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Publication numberUS4930878 A
Publication typeGrant
Application numberUS 07/247,022
Publication dateJun 5, 1990
Filing dateSep 20, 1988
Priority dateJun 1, 1987
Fee statusLapsed
Also published asDE3814742A1
Publication number07247022, 247022, US 4930878 A, US 4930878A, US-A-4930878, US4930878 A, US4930878A
InventorsJoachim Bergner, Rainer Danz, Hartmut Heinz
Original AssigneeJenoptik Jena Gmbh
Export CitationBiBTeX, EndNote, RefMan
External Links: USPTO, USPTO Assignment, Espacenet
Achromatic phase retarder arrangement
US 4930878 A
Abstract
An achromatic phase retarder comprises at least one prismatic body with two total reflection surfaces. The light entry surface forms an angle of incidence α, which is different from 90, with the direction of incidence of a light beam, and a first total reflection surface forms a defined angle φ with the light entry surface.
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Claims(2)
We claim:
1. In an achromatic phase retarder arrangement comprising at least one prismatic body with two total reflection surfaces and a source of a light beam directed toward said body, the improvement wherein
the body has a light entry surface at an angle of incidence (α) different from 90 to the incidence direction of the light beam, wherein
the light beam has an incident angle (α) at the light entry surface so that the difference between the angles of refraction of the short wavelength light and a medium wavelength light or the difference between the angles of refraction of medium wavelength light and long wavelength light is identical with the difference between the corresponding angles of incidence (θK, θS, θL) at the first total reflection surface according to the relation:
|arc sin (sin α/nS)-arc sin (sin α/nK)|=|θSK |
or
|arc sin (sin α/nL)-arc sin (sin α/nS)|=|θLS |
wherein
α is the angle of incidence of the light entry surface,
nL is the refractive index for medium wavelength light,
nK is the refractive index for short wavelength light,
θL is the angle of incidence for long wavelength light,
θS is the angle of incidence for medium wavelength light,
θK is the angle of incidence for short wavelength light, and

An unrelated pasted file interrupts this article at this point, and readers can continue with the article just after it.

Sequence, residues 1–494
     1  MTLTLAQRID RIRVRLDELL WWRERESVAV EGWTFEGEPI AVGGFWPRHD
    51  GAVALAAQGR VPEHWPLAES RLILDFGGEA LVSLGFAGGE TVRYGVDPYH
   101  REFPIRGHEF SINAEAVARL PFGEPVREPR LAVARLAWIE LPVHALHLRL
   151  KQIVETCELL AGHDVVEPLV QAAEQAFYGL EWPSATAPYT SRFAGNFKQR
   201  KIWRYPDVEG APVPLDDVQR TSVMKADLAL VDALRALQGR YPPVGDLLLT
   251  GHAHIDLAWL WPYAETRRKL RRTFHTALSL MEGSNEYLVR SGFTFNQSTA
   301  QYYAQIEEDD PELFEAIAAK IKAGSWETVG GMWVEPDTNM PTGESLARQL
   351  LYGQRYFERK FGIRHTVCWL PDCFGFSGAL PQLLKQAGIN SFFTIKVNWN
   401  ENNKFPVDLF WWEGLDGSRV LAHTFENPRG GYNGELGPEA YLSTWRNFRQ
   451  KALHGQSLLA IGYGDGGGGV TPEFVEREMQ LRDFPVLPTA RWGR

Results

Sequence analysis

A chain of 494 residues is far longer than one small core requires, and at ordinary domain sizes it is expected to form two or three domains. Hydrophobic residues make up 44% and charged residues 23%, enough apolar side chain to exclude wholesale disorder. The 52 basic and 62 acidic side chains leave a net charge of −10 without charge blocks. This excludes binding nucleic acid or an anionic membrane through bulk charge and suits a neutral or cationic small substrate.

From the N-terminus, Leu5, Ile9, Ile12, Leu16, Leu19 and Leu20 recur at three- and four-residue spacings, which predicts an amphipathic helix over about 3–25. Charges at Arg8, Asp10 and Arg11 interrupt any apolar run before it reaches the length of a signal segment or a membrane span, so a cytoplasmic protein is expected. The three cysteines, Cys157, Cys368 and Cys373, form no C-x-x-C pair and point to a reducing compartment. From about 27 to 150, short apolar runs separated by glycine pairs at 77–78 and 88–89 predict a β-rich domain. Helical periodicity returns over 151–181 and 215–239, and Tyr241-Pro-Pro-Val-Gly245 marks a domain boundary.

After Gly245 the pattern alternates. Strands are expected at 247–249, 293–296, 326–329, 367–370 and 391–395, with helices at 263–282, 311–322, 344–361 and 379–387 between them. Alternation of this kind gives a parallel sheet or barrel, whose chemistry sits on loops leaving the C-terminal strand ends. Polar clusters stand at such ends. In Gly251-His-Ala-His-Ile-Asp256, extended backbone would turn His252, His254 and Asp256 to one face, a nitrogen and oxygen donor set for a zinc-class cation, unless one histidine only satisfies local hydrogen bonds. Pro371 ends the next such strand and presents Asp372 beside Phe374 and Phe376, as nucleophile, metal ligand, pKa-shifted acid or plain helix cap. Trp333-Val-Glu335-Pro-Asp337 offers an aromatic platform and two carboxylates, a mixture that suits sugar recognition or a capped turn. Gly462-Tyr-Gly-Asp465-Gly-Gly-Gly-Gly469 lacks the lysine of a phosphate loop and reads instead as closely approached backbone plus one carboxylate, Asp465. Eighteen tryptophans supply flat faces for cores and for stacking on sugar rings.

φ=θS +arc sin (sin α/nS), and wherein
a first total reflection surface of the body makes an angle (φ) with the light entry surface, the two angles (α, φ) being selected so that, for a light beam of short wavelength, refracted at the light entry surface, an angle of incidence (θK) results at the first total reflection surface, which is larger than the angle of incidence (θL) of a refracted light beam of a longer wavelength, and a second surface of total reflection of the body is parallel to the first surface of total reflection, and a light exit surface of the body refracts the refracted and reflected light beams (1L, 1S, 1K) and is parallel to the light entry surface.
2. The achromatic phase retarder arrangement of claim 1, wherein the retarder comprises a transparent material with a refractive index nc ≦1.7 and a stress-optical constant B≧0.5 TPa-1.
Description
FIELD OF THE INVENTION

The invention is directed to optical arrangements in which the use of circularly polarized parallel light bundles is more advantageous than that of linearly polarized light bundles.

For example, when used in laser arrangements as an optical isolator, the invention prevents the effect of reflected and scattered light on the light source and the detector. In optical memory technology in arrangements with beam dividers, it permits energy to be transported between the light source and the detector with a high degree of efficiency. The same is true for optical transmission technology when using lasers and beam dividers. In laser ellipsometers, a quarter-wavelength phase retarder of the invention can be used to analyze the elliptically polarized light reflected from the sample, as well as in measurement arrangements to determine the optical rotational dispersion and the circular dichroism.

Finally, in microscope spectrophotometers, it can reduce the effect of scattered light.

BACKGROUND OF THE INVENTION

Many solutions are known for achromatic phase retarders, of which only those based on prismatic glass bodies are considered in the following, since the path difference of other solutions (foil combinations, crystal combinations) is significantly more dependent on the wave length.

With a known solution, the FRESNEL rhombus (Appl. Opt. 9 (1970) 9, pages 2123-2129), the preferably desired phase difference of 90, corresponding to a path difference of lambda/4, between the p- and s-components of the light wave that is linearly polarized at an angle to the incident plane, is achieved by double total reflection, the incident light beam striking the retarder entry surface perpendicularly. It is a disadvantage of this solution that the wavelength error of the phase difference in the wavelength range from 400 nm to 1000 nm is 1.3. In another known solution, a modified DOVE prism (U.S. Pat. No. 4,514,047) three total reflection surfaces are provided. Compared to the FRESNEL rhombus, this has solution has advantages, but still has the same wavelength error. To reduce this wavelength error, glass would have to be used with an index of refraction and with a dispersion, which do not exist in practice.